The cost of insulation will vary significantly, with prices as high as $2,800. However, homeowners spend an average of $350 for insulation installation and upgrades (keep in mind this average cost includes small and big spaces).
The actual cost you pay will depend on a number of factors, including where you live, the total square footage of your space, the cost of labor and any preparation and cleanup work needed to complete the job. The type of insulation is one of the biggest factors. Contact insulation contractors near you to get price estimates.
Insulating your home has many benefits and is worth the time, energy and money. Here’s why:
- Insulation reduces energy and heating costs.
- Less energy consumption also results in a reduction of pollutant emissions.
- Insulation prevents condensation from moisture and stark temperature differentials.
- And it reduces noise from passing through the walls.
The best way to hire someone to insulate your home is by searching for contractors near you online or using the Thumbtack app. Start by entering your zip code to find a list of top-rated insulation contractors in your area. Then, whittle down the search results by customer ratings and reviews. Pay special attention to the positive (and negative) reviews, and check out the contractors’ photos — these can give you an idea of the contractors’ quality of work on past insulation projects.
Also, check licensing requirements in your state and ensure that whoever you work with has a license (if needed). The final step is reaching out to at least three or more contractors to receive cost estimates and compare bids.
Insulation is a material that slows or inhibits heat flow from one area to another. It can take many forms. A common type is fiberglass or mineral wool (aka rock wool and sag wool). Another is cellulose insulation, an environmentally friendly option that is blown into wall cavities. Sprayed foam insulation is a go-to option if you need to add insulation to existing areas and around obstructions.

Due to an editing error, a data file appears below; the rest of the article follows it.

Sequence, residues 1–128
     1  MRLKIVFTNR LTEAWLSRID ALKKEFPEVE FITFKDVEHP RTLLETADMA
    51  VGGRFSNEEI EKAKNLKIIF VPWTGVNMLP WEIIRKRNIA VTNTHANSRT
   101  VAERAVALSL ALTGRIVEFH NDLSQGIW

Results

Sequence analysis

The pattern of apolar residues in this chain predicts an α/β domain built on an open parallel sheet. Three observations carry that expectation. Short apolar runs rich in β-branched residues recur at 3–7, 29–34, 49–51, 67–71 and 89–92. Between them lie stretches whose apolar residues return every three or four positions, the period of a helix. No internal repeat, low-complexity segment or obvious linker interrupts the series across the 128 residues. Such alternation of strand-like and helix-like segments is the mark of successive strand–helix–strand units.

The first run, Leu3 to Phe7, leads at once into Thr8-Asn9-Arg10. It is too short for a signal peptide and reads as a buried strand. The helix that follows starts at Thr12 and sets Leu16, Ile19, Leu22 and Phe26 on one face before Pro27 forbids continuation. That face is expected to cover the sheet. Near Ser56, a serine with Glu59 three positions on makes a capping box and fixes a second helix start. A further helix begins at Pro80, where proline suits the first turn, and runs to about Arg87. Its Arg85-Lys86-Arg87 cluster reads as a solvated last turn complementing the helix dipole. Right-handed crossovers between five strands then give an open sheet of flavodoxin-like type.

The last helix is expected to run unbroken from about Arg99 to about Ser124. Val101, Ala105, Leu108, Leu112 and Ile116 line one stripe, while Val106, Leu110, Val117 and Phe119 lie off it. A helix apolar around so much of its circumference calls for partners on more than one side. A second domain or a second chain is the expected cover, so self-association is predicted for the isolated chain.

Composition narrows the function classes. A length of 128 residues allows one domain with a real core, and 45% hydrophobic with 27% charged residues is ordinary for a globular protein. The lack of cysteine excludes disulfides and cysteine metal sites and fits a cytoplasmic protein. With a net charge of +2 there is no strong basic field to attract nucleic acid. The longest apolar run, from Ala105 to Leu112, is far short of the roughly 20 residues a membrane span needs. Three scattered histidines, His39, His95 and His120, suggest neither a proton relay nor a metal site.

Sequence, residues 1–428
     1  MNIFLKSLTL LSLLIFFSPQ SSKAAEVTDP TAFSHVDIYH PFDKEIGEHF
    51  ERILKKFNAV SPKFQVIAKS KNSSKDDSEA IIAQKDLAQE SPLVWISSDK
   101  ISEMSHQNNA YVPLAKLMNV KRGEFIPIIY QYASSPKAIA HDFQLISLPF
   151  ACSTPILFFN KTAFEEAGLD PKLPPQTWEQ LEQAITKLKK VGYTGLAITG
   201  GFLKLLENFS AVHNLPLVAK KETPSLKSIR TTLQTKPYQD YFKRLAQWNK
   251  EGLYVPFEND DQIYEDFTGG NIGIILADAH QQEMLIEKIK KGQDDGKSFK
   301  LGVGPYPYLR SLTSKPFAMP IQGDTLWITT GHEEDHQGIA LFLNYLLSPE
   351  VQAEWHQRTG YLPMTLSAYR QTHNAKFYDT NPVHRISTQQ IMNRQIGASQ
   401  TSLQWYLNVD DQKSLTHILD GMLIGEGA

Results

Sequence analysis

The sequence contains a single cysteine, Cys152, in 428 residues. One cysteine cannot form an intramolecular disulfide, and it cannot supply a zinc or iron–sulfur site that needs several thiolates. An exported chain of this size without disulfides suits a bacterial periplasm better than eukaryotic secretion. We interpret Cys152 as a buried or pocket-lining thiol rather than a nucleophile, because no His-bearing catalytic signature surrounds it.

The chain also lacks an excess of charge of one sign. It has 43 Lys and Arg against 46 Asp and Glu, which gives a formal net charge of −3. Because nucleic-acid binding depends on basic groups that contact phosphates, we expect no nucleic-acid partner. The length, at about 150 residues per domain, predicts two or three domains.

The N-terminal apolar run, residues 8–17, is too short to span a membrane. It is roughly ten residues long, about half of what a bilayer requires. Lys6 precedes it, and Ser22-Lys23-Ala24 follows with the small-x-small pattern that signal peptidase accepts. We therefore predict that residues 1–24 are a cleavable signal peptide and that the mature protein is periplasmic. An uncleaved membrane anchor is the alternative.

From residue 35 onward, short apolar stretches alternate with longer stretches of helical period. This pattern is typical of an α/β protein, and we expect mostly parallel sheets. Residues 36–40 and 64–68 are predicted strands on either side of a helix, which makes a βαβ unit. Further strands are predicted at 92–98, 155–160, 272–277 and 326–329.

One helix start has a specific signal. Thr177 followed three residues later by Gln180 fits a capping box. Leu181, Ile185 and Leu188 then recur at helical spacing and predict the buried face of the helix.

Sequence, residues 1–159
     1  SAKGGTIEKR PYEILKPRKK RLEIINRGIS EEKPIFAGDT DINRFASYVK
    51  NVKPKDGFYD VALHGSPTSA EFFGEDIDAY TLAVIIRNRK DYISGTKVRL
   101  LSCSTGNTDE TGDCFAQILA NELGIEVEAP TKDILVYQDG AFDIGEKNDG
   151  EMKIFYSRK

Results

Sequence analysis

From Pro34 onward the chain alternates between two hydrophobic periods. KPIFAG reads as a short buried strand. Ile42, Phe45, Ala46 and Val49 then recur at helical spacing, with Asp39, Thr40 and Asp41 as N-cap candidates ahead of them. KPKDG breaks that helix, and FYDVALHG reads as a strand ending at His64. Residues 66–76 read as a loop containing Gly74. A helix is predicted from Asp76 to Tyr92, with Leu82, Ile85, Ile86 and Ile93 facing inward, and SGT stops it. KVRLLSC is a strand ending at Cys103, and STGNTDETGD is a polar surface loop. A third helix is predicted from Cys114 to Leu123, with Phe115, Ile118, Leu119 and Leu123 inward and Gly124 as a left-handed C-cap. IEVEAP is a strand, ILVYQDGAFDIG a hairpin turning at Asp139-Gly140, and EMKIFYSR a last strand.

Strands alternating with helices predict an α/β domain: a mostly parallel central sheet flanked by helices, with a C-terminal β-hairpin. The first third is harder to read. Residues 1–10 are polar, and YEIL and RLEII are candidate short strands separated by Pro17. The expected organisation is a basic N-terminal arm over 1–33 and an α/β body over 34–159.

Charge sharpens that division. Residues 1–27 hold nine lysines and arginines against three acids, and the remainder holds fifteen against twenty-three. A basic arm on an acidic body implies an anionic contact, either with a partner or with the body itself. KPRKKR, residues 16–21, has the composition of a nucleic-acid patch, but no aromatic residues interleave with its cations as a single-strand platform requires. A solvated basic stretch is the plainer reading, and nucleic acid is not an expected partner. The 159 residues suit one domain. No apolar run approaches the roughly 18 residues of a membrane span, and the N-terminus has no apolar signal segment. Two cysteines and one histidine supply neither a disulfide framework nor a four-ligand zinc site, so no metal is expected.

There are many cases in which it is acceptable to place new insulation over old insulation. The main instance in which you shouldn’t place new insulation over old insulation is when the old insulation is wet or decayed. Also, keep in mind where the vapor barrier is. If there is a layer of vapor barrier between the new and old insulation, it can trap moisture and lead to mold growth.
If you're not experienced in insulation installation, hire an insulation contractor near you to take on this job.
There are several signs you might need new insulation. For example, you may need to upgrade your insulation if:
- Your electricity, heating and cooling bills continue to rise.
- An auditor notes during your whole-house energy assessment that you need insulation in certain areas.
- Your rooms have uneven (and uncomfortable) temperatures.
- Drafts of cold air are entering your house.
- You’re having moisture, mold or mildew issues.
If you think your home might be under-insulated or it’s time for some better insulation, hire an insulation contractor
It can be difficult to add insulation to existing walls, but it’s not impossible. If you’re finishing your basement or adding siding to your house, you might want to add new insulation to the existing wall. Contact an insulation contractor to find out what your walls require — and how much it will cost.
There are several common types of insulation, including:
- Batts and rolls, which are usually made from fiberglass or mineral wool and can be placed between wall studs and ceiling/floor joists.
- Concrete block insulation, which protects the outside of concrete walls from significant heat loss.
- Blown-in insulation, which is made from fiberglass, cellulose or mineral wool and can fill in irregularly shaped areas.
- Spray foam, which has a high R-value and is great at stopping air leaking from holes and cracks.
If you’re not sure which type of insulation you should install in your home, an insulation contractor can help you decide.
There are several absolutely critical parts of your home you should insulate to save on energy costs, retain heat, reduce noise and protect your pipes and ductwork. The first is the attic and roof. Because heat rises, it will naturally tend to escape through the top of a house. Insulating the attic or roof can prevent heat loss. Insulating the walls is next on the list. You can also insulate your flooring, crawlspace and basement.
To find someone to help you insulate these areas in your home, start searching for insulation contractors near you on Thumbtack.
R-value — or thermal resistance value — is a measure of any surface or material’s resistance to heat flow. The greater the R-value, the more insulation the material provides. R-value depends on the thickness, density and type of insulation, as well as the moisture accumulation, age and temperature.